What Are You Reading and Why?

We regularly ask our readers to submit annotated reviews of the good books they’re reading—on any topic whatsoever, and whether the books are newly-published or golden oldies.

Preaching as Weeping, Confession and Resistance

Christine Smith, Westminster/JohnKnox, 1992

Reviewed by Vern Ratzlaff

        Smith writes from the perspective that preaching is an interpretation of our present world and an invitation to a profoundly different world.  Preaching is a form of weeping in a universe filled with human suffering and oppression; it is a form of oppression where the preacher can call on communities into painful and honest confession, and it is a form of resistance, moving people to actively resist the attitudes and structures of oppression, of ‘isms’.  Smith sees three worlds that converge in the act of preaching; the world of the text, the world of the preacher and community where proclamation occur, and the larger social context in which we live out our faith.  Preaching is a theological act (mediating biblical perspectives) as well as an act of naming.  Smith’s three descriptions of preaching are those of weeping, confession and resistance (the Christian response to the real world).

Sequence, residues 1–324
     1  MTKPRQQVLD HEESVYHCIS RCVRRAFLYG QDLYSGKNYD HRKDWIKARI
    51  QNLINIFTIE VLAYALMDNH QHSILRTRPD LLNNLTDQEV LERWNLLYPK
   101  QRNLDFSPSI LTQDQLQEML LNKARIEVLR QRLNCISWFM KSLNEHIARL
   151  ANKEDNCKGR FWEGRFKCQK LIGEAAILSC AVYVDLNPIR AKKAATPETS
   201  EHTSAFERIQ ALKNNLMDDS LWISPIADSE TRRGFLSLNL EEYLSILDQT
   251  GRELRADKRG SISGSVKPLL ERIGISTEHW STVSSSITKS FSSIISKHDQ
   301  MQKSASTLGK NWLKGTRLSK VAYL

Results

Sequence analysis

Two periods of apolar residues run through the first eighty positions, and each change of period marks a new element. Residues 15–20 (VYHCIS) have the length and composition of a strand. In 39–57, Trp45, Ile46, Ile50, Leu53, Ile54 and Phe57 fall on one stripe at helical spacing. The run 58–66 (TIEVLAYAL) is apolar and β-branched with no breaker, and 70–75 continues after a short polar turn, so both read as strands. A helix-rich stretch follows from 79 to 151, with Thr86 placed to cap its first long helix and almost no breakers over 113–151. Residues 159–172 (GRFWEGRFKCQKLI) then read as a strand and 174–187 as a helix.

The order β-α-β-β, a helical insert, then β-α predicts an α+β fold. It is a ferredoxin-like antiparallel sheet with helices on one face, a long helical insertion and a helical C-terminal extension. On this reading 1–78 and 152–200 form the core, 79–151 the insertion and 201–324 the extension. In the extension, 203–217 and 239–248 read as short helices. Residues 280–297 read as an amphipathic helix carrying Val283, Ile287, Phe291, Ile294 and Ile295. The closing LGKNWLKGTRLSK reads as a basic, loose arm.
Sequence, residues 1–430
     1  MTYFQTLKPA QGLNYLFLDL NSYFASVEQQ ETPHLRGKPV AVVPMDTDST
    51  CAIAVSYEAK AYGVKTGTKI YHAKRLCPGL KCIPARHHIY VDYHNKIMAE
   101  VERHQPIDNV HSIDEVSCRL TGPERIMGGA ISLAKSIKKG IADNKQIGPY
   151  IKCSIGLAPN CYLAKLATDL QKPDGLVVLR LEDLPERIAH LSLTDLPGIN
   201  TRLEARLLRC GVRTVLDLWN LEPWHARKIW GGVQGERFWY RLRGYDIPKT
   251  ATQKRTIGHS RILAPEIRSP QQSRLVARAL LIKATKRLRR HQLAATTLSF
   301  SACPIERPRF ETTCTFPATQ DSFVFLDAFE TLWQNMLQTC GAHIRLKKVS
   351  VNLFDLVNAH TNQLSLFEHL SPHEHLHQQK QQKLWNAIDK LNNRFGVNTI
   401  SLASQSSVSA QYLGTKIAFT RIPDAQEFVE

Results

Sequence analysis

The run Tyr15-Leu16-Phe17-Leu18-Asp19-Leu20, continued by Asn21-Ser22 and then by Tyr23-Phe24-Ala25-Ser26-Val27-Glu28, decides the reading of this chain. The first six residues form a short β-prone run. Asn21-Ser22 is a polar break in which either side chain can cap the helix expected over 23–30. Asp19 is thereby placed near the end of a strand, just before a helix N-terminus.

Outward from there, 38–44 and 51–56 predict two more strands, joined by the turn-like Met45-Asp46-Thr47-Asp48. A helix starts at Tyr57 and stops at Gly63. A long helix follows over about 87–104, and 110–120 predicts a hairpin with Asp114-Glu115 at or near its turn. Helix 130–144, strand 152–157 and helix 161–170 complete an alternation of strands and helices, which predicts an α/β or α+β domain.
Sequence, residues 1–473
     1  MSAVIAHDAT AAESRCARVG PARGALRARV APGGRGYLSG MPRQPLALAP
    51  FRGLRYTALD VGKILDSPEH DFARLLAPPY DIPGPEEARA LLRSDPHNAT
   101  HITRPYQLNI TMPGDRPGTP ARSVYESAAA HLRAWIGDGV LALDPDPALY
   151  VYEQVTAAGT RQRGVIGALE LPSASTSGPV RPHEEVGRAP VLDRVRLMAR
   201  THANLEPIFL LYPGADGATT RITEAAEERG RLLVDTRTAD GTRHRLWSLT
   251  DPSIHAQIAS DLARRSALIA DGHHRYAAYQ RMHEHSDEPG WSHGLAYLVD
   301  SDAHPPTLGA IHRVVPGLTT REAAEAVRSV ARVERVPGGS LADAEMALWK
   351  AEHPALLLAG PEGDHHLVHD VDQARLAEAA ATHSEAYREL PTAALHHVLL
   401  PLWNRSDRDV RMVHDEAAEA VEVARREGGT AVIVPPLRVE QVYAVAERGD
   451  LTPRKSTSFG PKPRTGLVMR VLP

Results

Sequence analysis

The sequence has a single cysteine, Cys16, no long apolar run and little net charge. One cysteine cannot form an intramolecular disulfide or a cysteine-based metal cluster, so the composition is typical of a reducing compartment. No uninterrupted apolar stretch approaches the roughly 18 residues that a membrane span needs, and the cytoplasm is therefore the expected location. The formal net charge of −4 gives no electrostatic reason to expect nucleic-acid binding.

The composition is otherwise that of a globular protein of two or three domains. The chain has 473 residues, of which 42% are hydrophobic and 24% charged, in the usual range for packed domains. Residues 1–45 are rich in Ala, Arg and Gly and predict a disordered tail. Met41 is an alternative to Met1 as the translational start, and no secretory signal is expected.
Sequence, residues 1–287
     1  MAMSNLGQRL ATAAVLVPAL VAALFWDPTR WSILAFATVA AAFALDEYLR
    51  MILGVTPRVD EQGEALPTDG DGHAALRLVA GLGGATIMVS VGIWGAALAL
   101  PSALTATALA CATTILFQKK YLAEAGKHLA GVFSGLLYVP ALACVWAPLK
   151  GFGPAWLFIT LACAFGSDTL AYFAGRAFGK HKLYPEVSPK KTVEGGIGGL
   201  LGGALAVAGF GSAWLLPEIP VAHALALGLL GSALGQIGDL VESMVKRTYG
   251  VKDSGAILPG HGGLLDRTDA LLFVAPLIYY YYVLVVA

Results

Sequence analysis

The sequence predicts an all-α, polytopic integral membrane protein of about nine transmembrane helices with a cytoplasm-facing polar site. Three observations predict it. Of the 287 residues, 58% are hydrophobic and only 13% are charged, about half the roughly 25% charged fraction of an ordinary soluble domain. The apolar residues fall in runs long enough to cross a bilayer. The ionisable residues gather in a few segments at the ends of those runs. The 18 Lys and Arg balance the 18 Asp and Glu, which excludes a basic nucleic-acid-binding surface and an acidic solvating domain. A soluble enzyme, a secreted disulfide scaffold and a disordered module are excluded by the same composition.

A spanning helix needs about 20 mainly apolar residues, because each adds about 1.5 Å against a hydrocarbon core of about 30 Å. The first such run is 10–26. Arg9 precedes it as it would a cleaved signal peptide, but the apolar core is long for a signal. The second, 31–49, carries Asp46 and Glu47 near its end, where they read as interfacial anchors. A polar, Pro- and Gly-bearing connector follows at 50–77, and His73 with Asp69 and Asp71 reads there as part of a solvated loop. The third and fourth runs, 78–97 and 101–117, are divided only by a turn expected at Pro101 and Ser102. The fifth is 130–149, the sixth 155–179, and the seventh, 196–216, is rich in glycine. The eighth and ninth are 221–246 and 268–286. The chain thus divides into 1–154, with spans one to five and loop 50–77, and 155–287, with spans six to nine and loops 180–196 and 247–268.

Smith identifies six areas of redemptive activity (handicappism, ageism, sexism, heterosexism, racism and classism).  Each of the chapters names a type of violence; describes her experience that moved her to passionate feeling; identifying the realities of our social and political life; adding a sermon on the particular issue (eg women standing at the cross, ‘Standing at a Distance’, Good Friday, Luke 23:44-49).  Smith’s close fellowship ecumenically, especially with Latin American struggles, adds powerful perspective to her presentations; it is a book that will bring preaching into a new partnership with the congregation.

Vern Ratzlaff is a pastor and professor of historical theology at Lutheran Theological Seminary in Saskatoon, Saskatchewan, Canada.

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Preaching in the New Creation

David Jacobsen, Westminster John Knox, 1999

Reviewed by Vern Ratzlaff